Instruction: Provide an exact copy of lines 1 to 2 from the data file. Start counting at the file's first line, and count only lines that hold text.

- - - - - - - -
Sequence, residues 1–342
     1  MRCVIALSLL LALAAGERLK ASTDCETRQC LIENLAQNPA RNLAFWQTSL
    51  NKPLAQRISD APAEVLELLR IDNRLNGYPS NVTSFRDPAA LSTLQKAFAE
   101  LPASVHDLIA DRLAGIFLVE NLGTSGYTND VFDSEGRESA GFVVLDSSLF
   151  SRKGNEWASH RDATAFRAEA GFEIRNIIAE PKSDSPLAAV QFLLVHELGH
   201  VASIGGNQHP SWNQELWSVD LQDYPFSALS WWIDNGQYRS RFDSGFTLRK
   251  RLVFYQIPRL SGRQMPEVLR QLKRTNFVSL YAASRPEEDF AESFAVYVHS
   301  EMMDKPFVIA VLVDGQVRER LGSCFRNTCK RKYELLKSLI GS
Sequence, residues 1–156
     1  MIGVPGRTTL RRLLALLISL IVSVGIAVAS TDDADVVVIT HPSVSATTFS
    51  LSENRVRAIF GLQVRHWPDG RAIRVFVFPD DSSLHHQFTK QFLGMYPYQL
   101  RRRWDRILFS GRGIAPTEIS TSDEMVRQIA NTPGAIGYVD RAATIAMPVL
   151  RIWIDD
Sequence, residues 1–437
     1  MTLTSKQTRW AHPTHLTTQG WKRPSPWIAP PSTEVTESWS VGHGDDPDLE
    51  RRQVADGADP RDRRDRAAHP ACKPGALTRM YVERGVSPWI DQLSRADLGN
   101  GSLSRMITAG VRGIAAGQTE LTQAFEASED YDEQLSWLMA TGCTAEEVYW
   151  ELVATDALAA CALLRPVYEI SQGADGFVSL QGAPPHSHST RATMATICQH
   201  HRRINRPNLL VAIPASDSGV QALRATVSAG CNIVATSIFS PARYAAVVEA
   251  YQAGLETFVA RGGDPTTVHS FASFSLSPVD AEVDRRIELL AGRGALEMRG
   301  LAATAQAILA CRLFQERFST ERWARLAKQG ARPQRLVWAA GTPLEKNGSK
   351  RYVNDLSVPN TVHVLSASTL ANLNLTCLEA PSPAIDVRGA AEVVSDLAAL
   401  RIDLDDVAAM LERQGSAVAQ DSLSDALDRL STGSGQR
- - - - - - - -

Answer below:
Sequence, residues 1–342
     1  MRCVIALSLL LALAAGERLK ASTDCETRQC LIENLAQNPA RNLAFWQTSL